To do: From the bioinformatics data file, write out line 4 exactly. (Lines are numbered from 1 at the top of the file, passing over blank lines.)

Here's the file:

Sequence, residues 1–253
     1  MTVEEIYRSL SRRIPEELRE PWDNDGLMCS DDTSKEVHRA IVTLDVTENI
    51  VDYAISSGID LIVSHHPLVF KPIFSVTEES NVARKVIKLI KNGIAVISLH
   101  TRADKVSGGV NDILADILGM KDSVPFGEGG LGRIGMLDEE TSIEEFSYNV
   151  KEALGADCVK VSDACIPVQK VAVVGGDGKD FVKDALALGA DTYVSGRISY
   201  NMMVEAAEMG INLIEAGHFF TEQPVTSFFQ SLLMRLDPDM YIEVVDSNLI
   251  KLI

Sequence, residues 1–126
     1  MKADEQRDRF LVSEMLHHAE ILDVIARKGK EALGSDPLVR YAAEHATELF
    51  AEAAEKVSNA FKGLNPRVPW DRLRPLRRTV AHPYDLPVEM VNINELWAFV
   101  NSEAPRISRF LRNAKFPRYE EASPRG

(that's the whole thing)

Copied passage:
   101  TRADKVSGGV NDILADILGM KDSVPFGEGG LGRIGMLDEE TSIEEFSYNV